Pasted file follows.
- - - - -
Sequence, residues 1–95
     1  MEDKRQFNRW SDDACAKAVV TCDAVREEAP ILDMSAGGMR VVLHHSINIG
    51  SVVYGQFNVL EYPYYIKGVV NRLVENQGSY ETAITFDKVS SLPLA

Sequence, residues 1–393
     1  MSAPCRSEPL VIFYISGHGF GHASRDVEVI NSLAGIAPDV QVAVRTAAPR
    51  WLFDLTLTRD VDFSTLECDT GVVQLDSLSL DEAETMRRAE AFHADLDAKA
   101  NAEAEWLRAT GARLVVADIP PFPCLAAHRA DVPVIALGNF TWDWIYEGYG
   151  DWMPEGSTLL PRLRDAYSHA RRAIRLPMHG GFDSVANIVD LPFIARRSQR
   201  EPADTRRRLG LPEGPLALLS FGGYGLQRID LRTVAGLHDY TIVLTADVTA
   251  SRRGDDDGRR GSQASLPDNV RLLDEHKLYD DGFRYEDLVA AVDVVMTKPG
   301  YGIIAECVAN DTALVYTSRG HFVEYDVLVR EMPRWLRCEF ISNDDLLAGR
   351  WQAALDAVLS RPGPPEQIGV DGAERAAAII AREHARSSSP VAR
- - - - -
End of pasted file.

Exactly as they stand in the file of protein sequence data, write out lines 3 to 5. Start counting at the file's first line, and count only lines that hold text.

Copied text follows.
    51  SVVYGQFNVL EYPYYIKGVV NRLVENQGSY ETAITFDKVS SLPLA

Sequence, residues 1–393
     1  MSAPCRSEPL VIFYISGHGF GHASRDVEVI NSLAGIAPDV QVAVRTAAPR